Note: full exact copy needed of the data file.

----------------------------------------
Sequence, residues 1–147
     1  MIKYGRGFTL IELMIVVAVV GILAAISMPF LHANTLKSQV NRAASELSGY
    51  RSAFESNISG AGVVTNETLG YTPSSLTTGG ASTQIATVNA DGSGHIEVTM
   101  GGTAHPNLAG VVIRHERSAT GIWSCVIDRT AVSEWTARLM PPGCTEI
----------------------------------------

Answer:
Sequence, residues 1–147
     1  MIKYGRGFTL IELMIVVAVV GILAAISMPF LHANTLKSQV NRAASELSGY
    51  RSAFESNISG AGVVTNETLG YTPSSLTTGG ASTQIATVNA DGSGHIEVTM
   101  GGTAHPNLAG VVIRHERSAT GIWSCVIDRT AVSEWTARLM PPGCTEI